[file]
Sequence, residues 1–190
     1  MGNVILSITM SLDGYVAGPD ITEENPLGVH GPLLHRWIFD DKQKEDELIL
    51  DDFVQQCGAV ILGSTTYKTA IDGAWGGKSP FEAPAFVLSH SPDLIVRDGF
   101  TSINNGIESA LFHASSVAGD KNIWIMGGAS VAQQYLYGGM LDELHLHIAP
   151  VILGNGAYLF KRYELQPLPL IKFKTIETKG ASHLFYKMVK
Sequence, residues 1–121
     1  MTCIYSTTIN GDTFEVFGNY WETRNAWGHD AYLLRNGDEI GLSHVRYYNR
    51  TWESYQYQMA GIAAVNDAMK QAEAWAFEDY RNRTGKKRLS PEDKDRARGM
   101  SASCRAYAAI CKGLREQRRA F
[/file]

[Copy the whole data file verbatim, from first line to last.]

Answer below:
Sequence, residues 1–190
     1  MGNVILSITM SLDGYVAGPD ITEENPLGVH GPLLHRWIFD DKQKEDELIL
    51  DDFVQQCGAV ILGSTTYKTA IDGAWGGKSP FEAPAFVLSH SPDLIVRDGF
   101  TSINNGIESA LFHASSVAGD KNIWIMGGAS VAQQYLYGGM LDELHLHIAP
   151  VILGNGAYLF KRYELQPLPL IKFKTIETKG ASHLFYKMVK
Sequence, residues 1–121
     1  MTCIYSTTIN GDTFEVFGNY WETRNAWGHD AYLLRNGDEI GLSHVRYYNR
    51  TWESYQYQMA GIAAVNDAMK QAEAWAFEDY RNRTGKKRLS PEDKDRARGM
   101  SASCRAYAAI CKGLREQRRA F